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We have seen three engine-agnostic functions with save(), load() and transform(). Here, we’ll show how to combine DataFrames through joins. The following joins are supported in Fugue: LEFT OUTER, RIGHT OUTER, CROSS, LEFT SEMI, LEFT ANTI, INNER, FULL OUTER. Most of these joins should be familiar, so this section will just be about providing examples on how to use them in Fugue.

Join and Renaming Columns#

Sometimes there will be a naming conflict with columns. In such situations, the rename() function needs to be used like the code snippet below. The join() function takes all of the join types mentioned above for the how argument. on takes a list of columns. The columns to join on can be inferred based on the columns, but explicitly specifying is better.

# Hide Pandas deprecation warnings
import warnings
import pandas as pd
import fugue.api as fa

df1 = pd.DataFrame({"id": ["a","b"], "val1": [1,2]})
df2 = pd.DataFrame({"id": ["a","b"], "val1": [2,3]})

fa.join(df1, fa.rename(df2, {"val1":"val2"}), how="left_outer", on=["id"])
id val1 val2
0 a 1 2
1 b 2 3

All functions in the fugue.api accept an execution engine as a parameter, we can also pass the execution engine to the join() function. Note that using the "dask" engine executes lazily so we have to call .compute().

res = fa.join(df1, fa.rename(df2, {"val1":"val2"}), how="left_outer", on=["id"], engine="dask")
id val1 val2
0 b 2 3
0 a 1 2

We can also use the engine_context that we learned in the last section.

with fa.engine_context("dask"):
    res = fa.join(df1, fa.rename(df2, {"val1":"val2"}), how="left_outer", on=["id"])
b     |2        |3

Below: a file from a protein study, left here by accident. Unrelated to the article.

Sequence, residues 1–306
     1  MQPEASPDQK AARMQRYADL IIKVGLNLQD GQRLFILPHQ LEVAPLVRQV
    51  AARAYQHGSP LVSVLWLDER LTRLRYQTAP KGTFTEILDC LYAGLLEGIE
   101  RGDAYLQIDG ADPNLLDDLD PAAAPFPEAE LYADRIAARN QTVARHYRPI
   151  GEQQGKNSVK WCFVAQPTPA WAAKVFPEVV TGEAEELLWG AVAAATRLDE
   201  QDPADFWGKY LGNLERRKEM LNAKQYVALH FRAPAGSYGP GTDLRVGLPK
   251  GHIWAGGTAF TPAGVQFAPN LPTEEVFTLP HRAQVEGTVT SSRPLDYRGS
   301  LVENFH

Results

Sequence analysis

a     |1        |2        
Total count: 2

SQL vs pandas Joins#

Joins in SQL and pandas can have different outcomes. The clearest example of this is None joining with None. In such cases, Fugue is consistent with SQL and Spark rather than pandas. Notice that column a has a row with None after the join below.

df1 = pd.DataFrame({'a': [None, "a"], 'b': [1, 2]})
df2 = pd.DataFrame({'a': [None, "a"], 'b': [1, 2]})
df1.merge(df2, how="inner", on=["a", "b"])
a b
0 None 1
1 a 2

With Fugue, the row with None will be dropped because it follows SQL convention.

fa.join(df1, df2, how="inner", on=["a","b"]) # None,1 is excluded
a b
0 a 2

Multiple Joins#

Multiple DataFrames can be joined together if there is no conflict. This will work across all engines.

df1 = pd.DataFrame({"a": [1], "b": [2]})
df2 = pd.DataFrame({"a": [1], "c": [3]})
df3 = pd.DataFrame({"a": [1], "d": [4]})
df4 = pd.DataFrame({"a": [1], "e": [5]})

fa.join(df1, df2, df3, df4, how="inner", on=["a"])
a b c d e
0 1 2 3 4 5

Union, Intersect, Subtract#

Fugue has support for Union, Intersect and Subtract. Union combines two DataFrames with the same columns. By default, only unique items are kept. Everything can be kept by setting distinct=False. Intersect gets the distinct elements of the intersection of the two DataFrames. Subtract gets the distinct elements of the left DataFrame that are not in the right DataFrame. Examples shown below.

df1 = pd.DataFrame({"a": [0,1], "b": [1,2]})
df2 = pd.DataFrame({"a": [0,0,1], "b": [1,1,2]})

fa.union(df1, df2)
a b
0 0 1
1 1 2
fa.union(df1, df2, distinct=False)
a b
0 0 1
1 1 2
2 0 1
3 0 1
4 1 2
fa.intersect(df1, df2)
a b
0 0 1
1 1 2
fa.subtract(df1, df2)
a b

Remember that join(), union(), subtract() and intersect() can all take in an engine argument to use the appropriate backend. They will also work with the engine_context().


This sections covers all of the base operations Fugue offers when combining two or more DataFrames. If there is logic that is not covered by this functionality, then a user can implement a custom Fugue extension. The transformer we covered in previous sections is the most commonly used Fugue extension. In the extension section, we’ll cover the other extensions.